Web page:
Shortly before World War II
World War II
, Bruce Murrie , son of long-time Hershey's president William F.R. Murrie , struck a deal with Forrest Mars to create a hard sugar-coated chocolate that would be called M Lancaster, Pennsylvania
Lancaster, Pennsylvania
; Hazleton, Pennsylvania
; Memphis, Tennessee ; Robinson, Illinois , and Guadalajara , Mexico.

Visitors to Hershey can experience Hershey\'s Chocolate
World visitors center and its simulated tour ride. Public tours were once operated in the Pennsylvania
and California factories, which ended in Pennsylvania
in 1973 as soon as Hershey's Chocolate
World opened, and later in California following the September 11, 2001, attacks, due to security concerns.

On September 18, 2012, Hershey opened a new and expanded West Hershey plant. The plant was completed at a budget of $300 million.


In 1969, Hershey received a license from Rowntree\'s to manufacture and market Kit Kat
Kit Kat
and Rolo in the United States. As of September 2013, Hershey continued to make and market these brands in the U.S. under license from Nestlé , owners of the Rowntree brand. That license would be revoked and revert to Nestlé if Hershey is sold. In 1977, Hershey acquired Y "to sourcing 100% Fair Trade Certified™ cocoa beans by 2012 for at least one of its top five selling chocolate bars … making at least one additional top five selling bar 100% Fair Trade Certified™ every two years thereafter"; and that "the majority of Hershey's cocoa across all products will be Fair Trade Certified™ by 2022." Pressure was particularly directed at Whole Foods Market , which announced on October 3, 2012 that it would cease carrying Hershey's Scharffen Berger line. The Campaign stated that "Whole Foods’ decision follows more than 40 natural food retailers and coops publicly expressing concern about carrying Scharffen Berger and Dagoba products as a consequence of the giant chocolate maker's refusal to address child labor in its supply chain." The same day, Hershey's announced, "it will source 100 percent certified cocoa for its global chocolate product lines by 2020 and accelerate its programs to help eliminate child labor in the cocoa regions of West Africa."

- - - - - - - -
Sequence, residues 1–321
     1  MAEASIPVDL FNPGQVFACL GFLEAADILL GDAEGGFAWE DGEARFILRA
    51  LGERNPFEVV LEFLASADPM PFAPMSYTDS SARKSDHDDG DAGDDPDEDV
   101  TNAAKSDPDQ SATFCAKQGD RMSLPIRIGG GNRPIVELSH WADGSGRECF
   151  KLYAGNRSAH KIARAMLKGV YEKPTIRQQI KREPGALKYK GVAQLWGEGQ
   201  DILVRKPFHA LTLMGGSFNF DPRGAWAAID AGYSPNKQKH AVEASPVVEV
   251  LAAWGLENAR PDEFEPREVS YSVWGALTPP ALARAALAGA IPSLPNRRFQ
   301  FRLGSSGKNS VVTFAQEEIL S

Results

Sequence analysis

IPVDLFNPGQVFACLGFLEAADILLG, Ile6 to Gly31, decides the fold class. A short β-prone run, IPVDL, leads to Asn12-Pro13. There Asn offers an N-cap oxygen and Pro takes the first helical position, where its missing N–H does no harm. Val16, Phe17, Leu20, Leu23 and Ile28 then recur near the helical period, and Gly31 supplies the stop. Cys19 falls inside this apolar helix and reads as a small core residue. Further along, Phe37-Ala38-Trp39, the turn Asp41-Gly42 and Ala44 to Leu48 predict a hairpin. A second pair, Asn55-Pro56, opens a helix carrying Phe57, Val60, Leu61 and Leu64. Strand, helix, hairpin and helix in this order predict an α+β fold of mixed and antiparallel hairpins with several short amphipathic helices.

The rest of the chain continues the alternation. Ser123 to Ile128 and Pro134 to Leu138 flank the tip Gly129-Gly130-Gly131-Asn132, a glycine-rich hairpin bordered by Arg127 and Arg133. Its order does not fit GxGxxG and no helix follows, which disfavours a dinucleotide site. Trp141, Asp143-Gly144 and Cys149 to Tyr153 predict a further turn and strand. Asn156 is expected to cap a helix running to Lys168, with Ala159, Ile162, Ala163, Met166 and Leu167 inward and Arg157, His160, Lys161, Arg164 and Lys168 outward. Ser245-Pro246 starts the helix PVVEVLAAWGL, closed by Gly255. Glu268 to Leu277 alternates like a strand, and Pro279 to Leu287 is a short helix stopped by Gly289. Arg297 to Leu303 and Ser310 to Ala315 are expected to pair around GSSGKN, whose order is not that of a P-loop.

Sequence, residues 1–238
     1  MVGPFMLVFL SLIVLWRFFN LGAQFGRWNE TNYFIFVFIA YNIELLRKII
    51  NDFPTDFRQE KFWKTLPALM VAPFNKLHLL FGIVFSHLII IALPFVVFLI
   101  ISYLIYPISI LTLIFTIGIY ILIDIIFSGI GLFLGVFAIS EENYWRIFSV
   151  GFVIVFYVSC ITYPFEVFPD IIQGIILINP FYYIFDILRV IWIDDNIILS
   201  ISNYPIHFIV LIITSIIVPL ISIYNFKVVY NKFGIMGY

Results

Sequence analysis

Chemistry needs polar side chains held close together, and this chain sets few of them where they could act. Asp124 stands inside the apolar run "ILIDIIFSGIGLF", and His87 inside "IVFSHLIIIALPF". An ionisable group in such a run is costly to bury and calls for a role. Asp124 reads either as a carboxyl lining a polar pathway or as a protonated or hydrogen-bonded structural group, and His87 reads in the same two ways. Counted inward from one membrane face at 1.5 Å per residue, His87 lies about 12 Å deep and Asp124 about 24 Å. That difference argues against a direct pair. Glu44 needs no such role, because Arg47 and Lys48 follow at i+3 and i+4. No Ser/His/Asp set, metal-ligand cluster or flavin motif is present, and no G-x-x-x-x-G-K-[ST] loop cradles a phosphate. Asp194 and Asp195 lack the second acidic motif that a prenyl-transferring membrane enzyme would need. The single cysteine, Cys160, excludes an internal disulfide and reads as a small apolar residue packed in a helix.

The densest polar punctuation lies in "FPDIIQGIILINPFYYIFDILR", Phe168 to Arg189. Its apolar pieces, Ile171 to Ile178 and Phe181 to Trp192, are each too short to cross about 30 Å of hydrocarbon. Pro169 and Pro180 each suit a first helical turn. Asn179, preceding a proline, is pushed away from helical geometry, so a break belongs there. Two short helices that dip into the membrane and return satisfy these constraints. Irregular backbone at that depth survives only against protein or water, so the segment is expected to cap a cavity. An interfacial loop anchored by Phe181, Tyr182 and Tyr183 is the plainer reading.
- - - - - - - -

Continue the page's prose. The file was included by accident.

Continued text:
* Companies portal

Wikimedia Commons has media related to HERSHEY COMPANY .

* List of products manufactured by The Hershey Company * List of food companies * Pennsylvania
chocolate workers\' strike, 1937


* Brenner, Joël Glenn (2000). The Emperors of Chocolate: Inside the Secret World of Hershey & Mars . Broadway Books. ISBN 0-7679-0457-5 .

* ^ About.com. Retrieved June 30, 2006. * ^ CNBC (December 21, 2016). "Hershey names Michele Buck as new CEO". cnbc.com. Retrieved April 17, 2017. * ^ A B C D E F "2014 Form 10-K, The Hershey Company". United States Securities and Exchange Commission. * ^ Preparedfoods.com. Retrieved June 30, 2006. * ^ Booksense.com. Retrieved June 30, 2006. * ^ "The Hershey Company: NYSE:HSY quotes & news - Google Finance". Google. Retrieved August 8, 2012. * ^ " The Hershey Company Website". * ^ A B C D Reference For Business.com. Retrieved June 30, 2006. * ^ "Murrie, William F.R.; 1873–1950", hersheyarchives.com. Cf section "The Story of M & Ms" * ^ Porter, Jill (December 5, 2006). "Hershey\'s int/drug: Kisses, disses". Philadelphia
City News. * ^ Coffey, Laura (September 19, 2006). "Chocoholics sour on new Hershey\'s formula". MSNBC
. Retrieved June 10, 2006. * ^ Jeff Ruppenthal (April 7, 2014). "Former Hershey Chocolate Plant Being Demolished". LancasterOnline. Retrieved May 11, 2017. * ^ A B Whitten, Sarah (August 30, 2016). "Hershey stock plummets 10% after Mondelez merger crumbles". cnbc.com. Retrieved April 17, 2017. * ^ Reese, Andrew (2008). REESE'S Peanut Butter Cups: The Untold Story. iUniverse . ISBN 978-0-595-48707-3 . * ^ Rooney, Ben (January 23, 2015). "Hershey Lawsuit Angers Fans of British Chocolate